Former WorldCom chief Bernard Ebbers (search), convicted last month of orchestrating the $11 billion accounting fraud that sank the company, is asking for a new trial, citing unfair rulings by the judge.

In papers made public Monday, lawyers for Ebbers said the judge should have granted immunity to three former WorldCom Inc. (search) executives who were reluctant to testify — but who the defense claims could have helped prove Ebbers' innocence.

Lawyers for Ebbers also said the trial judge unfairly told jurors they could find him guilty based on "conscious avoidance," which they said allowed jurors to convict Ebbers because he "should have known" about the fraud.

And they claimed Ebbers should have been allowed to present a defense that the way WorldCom counted its revenue complied with generally accepted accounting principles.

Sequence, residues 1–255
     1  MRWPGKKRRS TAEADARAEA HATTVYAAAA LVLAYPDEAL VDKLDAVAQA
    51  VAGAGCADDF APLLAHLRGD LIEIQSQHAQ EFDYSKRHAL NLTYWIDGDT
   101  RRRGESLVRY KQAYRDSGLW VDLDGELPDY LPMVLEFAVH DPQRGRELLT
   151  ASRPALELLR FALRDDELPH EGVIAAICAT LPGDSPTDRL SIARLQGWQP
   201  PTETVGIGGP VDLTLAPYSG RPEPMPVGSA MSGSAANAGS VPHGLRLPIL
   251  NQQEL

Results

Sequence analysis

"These errors seriously compromised the fairness of the trial," the lawyers said in court papers dated Friday.

Ebbers was convicted in March of conspiracy, securities fraud and filing seven false reports with the Securities and Exchange Commission (search). At 63, he could spend the rest of his life in prison.

Ebbers, who took the witness stand in his own defense, claimed all along that the fraud was the brainchild of chief financial officer Scott Sullivan, and that Sullivan kept him in the dark.

Sullivan, who has pleaded guilty in the case, testified that he warned Ebbers repeatedly that the only way WorldCom could meet Wall Street estimates would be to cook the books. He said Ebbers ordered him to "hit the numbers."

The new-trial request was sent to U.S. District Judge Barbara Jones, who presided over the trial. If the motion fails, Ebbers could still take his case to a federal appeals court.

Sentencing for Ebbers is set for June.